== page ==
More people are surviving traumatic injury, but disability and reduced quality of life are frequent. Investigators are now focusing on patient-reported outcomes (PROs) to better understand this problem. We performed a scoping study of the literature to explore trends in the study of PROs after injury. The volume of published literature on PROs after injury has consistently increased, but use of measurement tool and categorization of publications are inconsistent. Journal keyword patterns are inconsistent and likely limit the effective dissemination of important findings. In studies of hospitalized trauma patients, more than 100 unique measurement tools were used, and trauma-specific measures were used in fewer than 5% of studies. International investigators are more consistent than those in the USAin the use of validated, classic measurement tools such as the Short-Form 36 and the EuroQoL Five-Dimension tools. Uniform use of measurement tools would help improve the quality and comparability of research on PROs, and trauma-specific measures would enhance the study of long-term injury outcomes.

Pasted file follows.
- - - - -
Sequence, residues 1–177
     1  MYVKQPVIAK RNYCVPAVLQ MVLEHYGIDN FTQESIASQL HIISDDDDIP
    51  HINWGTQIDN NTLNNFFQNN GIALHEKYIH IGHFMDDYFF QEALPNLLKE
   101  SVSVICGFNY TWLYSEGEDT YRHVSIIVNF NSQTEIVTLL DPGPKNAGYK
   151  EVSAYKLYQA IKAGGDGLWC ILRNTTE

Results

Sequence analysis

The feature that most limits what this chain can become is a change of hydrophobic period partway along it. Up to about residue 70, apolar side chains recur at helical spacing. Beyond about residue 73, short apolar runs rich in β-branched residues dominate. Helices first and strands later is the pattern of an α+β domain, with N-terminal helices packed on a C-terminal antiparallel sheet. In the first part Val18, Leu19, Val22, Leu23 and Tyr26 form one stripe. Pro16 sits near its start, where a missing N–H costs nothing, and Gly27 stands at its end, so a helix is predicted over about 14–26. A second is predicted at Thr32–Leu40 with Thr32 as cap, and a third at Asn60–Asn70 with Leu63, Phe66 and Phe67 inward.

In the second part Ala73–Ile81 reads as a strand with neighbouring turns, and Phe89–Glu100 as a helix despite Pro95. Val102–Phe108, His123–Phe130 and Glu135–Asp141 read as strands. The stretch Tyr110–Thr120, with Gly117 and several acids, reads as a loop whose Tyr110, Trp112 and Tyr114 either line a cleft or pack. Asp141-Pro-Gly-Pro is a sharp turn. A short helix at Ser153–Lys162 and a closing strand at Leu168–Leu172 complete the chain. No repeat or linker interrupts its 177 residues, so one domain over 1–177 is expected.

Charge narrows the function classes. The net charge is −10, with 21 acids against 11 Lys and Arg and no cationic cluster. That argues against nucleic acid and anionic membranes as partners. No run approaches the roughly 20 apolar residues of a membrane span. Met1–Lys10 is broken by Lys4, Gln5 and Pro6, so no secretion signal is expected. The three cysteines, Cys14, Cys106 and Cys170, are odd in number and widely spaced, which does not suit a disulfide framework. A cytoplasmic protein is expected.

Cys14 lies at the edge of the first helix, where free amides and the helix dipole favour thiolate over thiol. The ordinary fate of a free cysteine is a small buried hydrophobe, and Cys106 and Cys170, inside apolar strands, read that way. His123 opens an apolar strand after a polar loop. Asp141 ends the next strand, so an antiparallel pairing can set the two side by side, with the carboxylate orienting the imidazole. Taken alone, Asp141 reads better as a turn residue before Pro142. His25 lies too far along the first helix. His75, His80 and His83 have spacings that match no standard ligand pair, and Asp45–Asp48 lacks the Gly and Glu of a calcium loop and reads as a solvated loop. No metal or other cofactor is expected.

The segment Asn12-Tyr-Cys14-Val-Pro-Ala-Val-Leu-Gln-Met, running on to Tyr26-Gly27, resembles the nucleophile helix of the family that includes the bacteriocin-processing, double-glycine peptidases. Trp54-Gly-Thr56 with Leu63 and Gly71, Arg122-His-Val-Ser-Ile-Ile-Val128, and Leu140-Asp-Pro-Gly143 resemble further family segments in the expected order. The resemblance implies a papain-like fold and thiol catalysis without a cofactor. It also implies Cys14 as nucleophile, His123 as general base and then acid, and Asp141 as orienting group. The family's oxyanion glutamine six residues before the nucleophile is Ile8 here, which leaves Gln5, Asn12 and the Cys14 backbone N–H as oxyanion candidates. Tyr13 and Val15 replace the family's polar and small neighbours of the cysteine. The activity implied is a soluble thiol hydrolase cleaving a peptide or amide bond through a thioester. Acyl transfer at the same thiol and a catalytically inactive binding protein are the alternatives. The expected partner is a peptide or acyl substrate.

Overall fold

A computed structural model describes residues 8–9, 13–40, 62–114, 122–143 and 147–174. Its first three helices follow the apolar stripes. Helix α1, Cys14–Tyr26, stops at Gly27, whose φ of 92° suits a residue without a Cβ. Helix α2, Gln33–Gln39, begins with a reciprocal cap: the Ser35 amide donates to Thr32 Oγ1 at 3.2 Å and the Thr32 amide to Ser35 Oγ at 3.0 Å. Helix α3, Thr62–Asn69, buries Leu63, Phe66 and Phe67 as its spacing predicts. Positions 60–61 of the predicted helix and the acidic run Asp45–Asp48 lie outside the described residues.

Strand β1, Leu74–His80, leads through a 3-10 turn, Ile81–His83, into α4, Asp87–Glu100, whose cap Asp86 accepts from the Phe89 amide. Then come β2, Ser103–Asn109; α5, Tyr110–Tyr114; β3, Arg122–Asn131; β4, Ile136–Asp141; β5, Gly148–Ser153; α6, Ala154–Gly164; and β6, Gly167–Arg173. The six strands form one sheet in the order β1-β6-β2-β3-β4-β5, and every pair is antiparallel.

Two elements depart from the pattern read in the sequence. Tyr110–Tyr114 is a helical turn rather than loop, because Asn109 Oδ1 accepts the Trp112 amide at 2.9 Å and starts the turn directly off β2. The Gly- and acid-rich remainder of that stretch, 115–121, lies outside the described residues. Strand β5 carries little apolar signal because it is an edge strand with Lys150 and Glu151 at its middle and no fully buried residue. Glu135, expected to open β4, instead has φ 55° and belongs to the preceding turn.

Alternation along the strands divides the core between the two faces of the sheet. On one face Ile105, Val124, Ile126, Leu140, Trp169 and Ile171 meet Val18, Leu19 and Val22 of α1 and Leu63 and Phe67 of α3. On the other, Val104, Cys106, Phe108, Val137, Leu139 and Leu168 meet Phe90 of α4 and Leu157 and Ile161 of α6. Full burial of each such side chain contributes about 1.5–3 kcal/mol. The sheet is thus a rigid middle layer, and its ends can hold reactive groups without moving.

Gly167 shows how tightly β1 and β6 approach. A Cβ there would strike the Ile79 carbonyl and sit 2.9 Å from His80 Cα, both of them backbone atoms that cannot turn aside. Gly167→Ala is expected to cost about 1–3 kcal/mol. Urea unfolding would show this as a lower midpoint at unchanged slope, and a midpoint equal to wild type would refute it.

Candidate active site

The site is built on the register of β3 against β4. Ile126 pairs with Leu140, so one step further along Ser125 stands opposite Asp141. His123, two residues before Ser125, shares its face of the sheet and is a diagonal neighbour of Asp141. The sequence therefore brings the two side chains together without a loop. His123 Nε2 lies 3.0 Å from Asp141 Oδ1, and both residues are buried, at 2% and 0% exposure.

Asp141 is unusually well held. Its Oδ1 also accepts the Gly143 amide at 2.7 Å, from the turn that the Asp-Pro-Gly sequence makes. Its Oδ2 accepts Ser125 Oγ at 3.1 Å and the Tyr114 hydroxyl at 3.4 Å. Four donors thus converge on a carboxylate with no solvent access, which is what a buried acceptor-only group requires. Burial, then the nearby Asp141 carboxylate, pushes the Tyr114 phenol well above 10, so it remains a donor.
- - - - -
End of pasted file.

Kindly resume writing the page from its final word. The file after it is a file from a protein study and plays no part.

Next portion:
View details for PubMedID 30234168